AidSpace Blog

Category Archives: Astronomy

Why should you care about the Transit of Venus?

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Astronomy enthusiasts around the world are gearing up for Tuesday’s celestial show: the transit of Venus across the face of the Sun.  The small black dot of Venus, silhouetted against the bright Sun, will be visible with safe solar telescopes and, to those with especially good vision, with the naked eye when protected by eclipse   …Continue Reading

Transit of Venus on June 5th, 2012

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If you visit the Public Observatory during its daytime hours in May (1–3pm on Wednesday through Saturday, weather permitting), you can use the 16” telescope to observe an object which looks a lot like the Moon.  Hanging in a blue sky, it shines with yellowish reflected sunlight.  We can currently only see part of its   …Continue Reading

Shedding Light on a Common Problem

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If you’ve been to any of the nighttime observing sessions at our Public Observatory, you might have wondered why we mostly view the planets and the Moon. After all, the Observatory houses a professional 16-inch telescope, and several other high-quality portable telescopes; shouldn’t they be able to show us great views of galaxies or nebulas?   …Continue Reading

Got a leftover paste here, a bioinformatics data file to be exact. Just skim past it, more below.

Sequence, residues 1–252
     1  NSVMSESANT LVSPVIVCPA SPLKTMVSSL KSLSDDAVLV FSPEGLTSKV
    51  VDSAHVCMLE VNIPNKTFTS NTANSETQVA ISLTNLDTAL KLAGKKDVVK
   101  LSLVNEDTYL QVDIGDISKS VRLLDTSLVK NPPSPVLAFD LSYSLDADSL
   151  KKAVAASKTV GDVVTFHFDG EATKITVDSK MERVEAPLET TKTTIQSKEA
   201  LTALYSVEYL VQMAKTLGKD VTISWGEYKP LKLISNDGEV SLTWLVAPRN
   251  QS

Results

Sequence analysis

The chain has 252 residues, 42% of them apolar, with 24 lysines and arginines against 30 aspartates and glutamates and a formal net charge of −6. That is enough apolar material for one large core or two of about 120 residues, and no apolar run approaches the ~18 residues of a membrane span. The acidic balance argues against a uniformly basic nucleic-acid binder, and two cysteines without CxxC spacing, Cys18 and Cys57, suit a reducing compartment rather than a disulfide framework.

Mapping Everything

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The universe is about 13.7 billion years old and has expanded since its beginning at the Big Bang. Because distant objects appear to be receding as the universe expands, the light from them is “stretched” out, altering its wavelength to the red part of the electromagnetic spectrum. This “redshift” can be measured for every object   …Continue Reading

The Perseids Are Coming!

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The Perseids are coming!  The most consistently best meteor shower of the year, the “Perseids,” (PER-see-ids) will reach their peak next week.   The earliest arrivals start around August 7 and the final stragglers show up about two weeks later, but the shower peaks strongly in the August 11-13 timeframe.  At the peak, as many as 60   …Continue Reading